Athos’s shirts and shorts are equipped with integrated sensors that use electromyography to read the data generated by muscles. The sensors send the information to an app that can tell users which muscles they’re using, whether their workout is symmetrical, and how hard they’re flexing, allowing them to make real-time adjustments to their regimens. The co-founders—Waterloo alums Dhananja Jayalath and Christopher Wiebe—landed on Forbes’ 30 Under 30 list last year.
The Smart Watch
Pebble, from University of Waterloo alum Eric Migicovsky, proves that even smart watches can be sexy. It comes in five styles, the loveliest of which is the Time Round, a round-faced wrist piece that could be mistaken for a classic analog watch. It has a built-in health tracker, microphone and quick-charge battery, and can access 10,000 apps. The company is also about to roll out the Core, a screenless, 3G, clip-on device with GPS and Spotify that’s created with runners in mind.
In early 2015, a video of a legally blind woman in Guelph seeing her newborn son for the first time went viral. She was wearing a pair of glasses from eSight. The devices are designed to help people with low vision: two tiny cameras are embedded in the frames, capturing what’s in front of the wearer. Then the live images are processed through software and streamed back to two high-def LED screens in front of the eyes. The result: images of what’s happening, as it’s happening.
The Heart Monitor
Nymi is the first wearable device to identify users by their heartbeat. The possibilities are endless: it allows people to securely connect to computers, mobile devices and smart office technology, and may one day sync with driverless cars. The company has no immediate plans to release its wristbands to consumers, but it’s partnering with companies like MasterCard, a Nymi investor, which is developing a way to complete credit transactions by heartbeat.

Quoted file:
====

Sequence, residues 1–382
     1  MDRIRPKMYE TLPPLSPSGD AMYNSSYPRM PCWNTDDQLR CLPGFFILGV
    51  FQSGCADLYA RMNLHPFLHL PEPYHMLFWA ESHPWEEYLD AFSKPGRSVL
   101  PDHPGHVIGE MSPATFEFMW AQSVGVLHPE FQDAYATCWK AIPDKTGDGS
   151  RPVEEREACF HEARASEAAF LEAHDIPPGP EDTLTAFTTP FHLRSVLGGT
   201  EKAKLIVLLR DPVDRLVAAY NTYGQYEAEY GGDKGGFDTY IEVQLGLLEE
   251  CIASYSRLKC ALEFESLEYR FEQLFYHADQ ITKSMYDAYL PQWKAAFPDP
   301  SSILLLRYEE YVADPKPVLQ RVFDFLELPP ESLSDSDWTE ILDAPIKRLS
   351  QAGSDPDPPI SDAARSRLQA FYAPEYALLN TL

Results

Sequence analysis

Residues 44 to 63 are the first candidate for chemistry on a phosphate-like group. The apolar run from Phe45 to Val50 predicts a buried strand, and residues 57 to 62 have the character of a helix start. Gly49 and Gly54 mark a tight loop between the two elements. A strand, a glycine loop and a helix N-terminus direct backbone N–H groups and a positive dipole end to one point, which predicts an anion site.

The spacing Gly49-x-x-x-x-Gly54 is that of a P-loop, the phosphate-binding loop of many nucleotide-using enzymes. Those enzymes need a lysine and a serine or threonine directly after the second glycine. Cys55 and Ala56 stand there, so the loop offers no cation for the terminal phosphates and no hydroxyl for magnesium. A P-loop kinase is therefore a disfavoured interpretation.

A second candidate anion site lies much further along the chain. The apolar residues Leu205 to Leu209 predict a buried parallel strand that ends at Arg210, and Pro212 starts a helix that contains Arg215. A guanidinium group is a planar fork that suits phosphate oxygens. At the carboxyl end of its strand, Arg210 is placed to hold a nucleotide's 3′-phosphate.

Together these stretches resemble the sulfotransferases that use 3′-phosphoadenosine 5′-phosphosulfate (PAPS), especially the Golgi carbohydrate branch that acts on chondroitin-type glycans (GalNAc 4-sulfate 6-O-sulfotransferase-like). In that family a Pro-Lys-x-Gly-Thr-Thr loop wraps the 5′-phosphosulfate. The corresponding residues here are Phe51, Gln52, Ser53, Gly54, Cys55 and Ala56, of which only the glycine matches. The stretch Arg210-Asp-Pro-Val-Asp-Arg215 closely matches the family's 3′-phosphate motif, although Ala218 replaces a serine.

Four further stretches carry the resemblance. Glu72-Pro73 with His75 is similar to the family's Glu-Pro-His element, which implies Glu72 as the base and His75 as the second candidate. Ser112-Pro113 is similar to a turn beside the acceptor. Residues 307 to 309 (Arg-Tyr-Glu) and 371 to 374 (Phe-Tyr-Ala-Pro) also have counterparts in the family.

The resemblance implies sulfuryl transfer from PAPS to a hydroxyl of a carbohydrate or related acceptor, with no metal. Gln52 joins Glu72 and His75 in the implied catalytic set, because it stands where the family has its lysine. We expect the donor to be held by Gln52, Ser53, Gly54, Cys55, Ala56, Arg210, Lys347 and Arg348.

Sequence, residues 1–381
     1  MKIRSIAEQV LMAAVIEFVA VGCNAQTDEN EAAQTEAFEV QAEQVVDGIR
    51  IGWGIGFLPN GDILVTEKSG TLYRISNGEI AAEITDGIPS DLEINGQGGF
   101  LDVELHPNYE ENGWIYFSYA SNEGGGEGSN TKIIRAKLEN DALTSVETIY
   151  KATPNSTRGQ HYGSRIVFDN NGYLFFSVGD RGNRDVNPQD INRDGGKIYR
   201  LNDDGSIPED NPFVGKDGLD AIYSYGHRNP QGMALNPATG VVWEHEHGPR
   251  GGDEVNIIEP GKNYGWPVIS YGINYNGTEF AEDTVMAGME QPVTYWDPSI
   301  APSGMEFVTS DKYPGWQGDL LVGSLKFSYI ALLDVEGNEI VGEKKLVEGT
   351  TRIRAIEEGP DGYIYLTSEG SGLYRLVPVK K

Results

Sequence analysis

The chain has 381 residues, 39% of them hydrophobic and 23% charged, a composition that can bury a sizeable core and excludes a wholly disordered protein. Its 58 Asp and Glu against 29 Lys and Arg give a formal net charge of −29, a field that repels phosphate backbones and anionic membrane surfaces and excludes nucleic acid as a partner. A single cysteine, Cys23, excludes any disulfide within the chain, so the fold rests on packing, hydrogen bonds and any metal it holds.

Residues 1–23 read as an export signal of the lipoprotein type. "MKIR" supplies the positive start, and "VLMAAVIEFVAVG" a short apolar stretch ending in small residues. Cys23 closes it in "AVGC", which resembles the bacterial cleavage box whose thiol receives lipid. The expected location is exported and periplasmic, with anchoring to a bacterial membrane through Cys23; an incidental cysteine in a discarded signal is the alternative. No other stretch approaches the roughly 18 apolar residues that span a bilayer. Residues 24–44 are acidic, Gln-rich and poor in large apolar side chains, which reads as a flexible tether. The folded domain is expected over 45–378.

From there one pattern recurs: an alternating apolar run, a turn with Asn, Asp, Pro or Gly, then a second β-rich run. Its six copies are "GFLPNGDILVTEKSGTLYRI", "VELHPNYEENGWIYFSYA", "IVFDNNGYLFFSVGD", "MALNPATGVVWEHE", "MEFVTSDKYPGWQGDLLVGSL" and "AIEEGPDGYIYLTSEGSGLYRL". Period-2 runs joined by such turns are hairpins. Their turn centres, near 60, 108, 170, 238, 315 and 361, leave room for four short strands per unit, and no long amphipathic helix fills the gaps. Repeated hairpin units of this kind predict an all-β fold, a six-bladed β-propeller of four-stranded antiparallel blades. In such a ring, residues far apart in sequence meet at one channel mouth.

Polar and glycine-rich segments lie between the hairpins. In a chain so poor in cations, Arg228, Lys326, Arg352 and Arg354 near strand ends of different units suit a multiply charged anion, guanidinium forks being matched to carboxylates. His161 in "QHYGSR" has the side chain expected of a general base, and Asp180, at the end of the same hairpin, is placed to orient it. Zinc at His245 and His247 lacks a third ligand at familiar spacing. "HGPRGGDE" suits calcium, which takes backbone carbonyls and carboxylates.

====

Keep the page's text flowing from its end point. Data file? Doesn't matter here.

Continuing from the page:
The Ear-O-Smart, designed by University of Windsor industrial engineering graduate Ravinder Saini, monitors calories burned, activity level and heart rate, and connects to users’ phones through Bluetooth so they can catalogue their personal stats. What sets the Ear-O-Smart apart from an iPhone health monitor is its sly functionality: it packs all that software into an earring back, which can be affixed to even the smallest pair of diamond studs.
The Zen Machine
The city’s most chilled-out gadget is the Muse headband, designed by fashion-world veteran and InterAxon founder Ariel Garten to help people meditate. TheStar Trek–ish headset is equipped with seven electroencephalography (EEG) sensors that measure your brainwaves and monitor your precise levels of Zen. That data is transmitted to an app, which offers mindfulness exercises and translates your brain activity into calming ocean, rainforest o thunderstorm sounds.
The Secret Weapon
Kiwi doesn’t make its own wearable devices—instead, it creates motion-sensing software that clips onto your clothing, and measures speed, repetition and velocity. Athletes (and their coaches) can also attach Kiwi-enabled devices to their uniforms, hockey sticks or tennis racquets, and use the technology to review their performance and improve form and reaction time; personal trainers and physiotherapists can use it to monitor their clients’ progress.
The Music Box
The SoMo computerized wristband was developed at OCAD’s Social Body lab, an offshoot of the school’s wearable tech program. A dancer wears it on her hand or foot, and the embedded software creates an ambient soundscape in sync with her movements. Ballet Jörgen took the device for a test drive during an innovative, experimental performance at Digifest, promising audience members that they’d be able not only to see every plié, but hear it, too.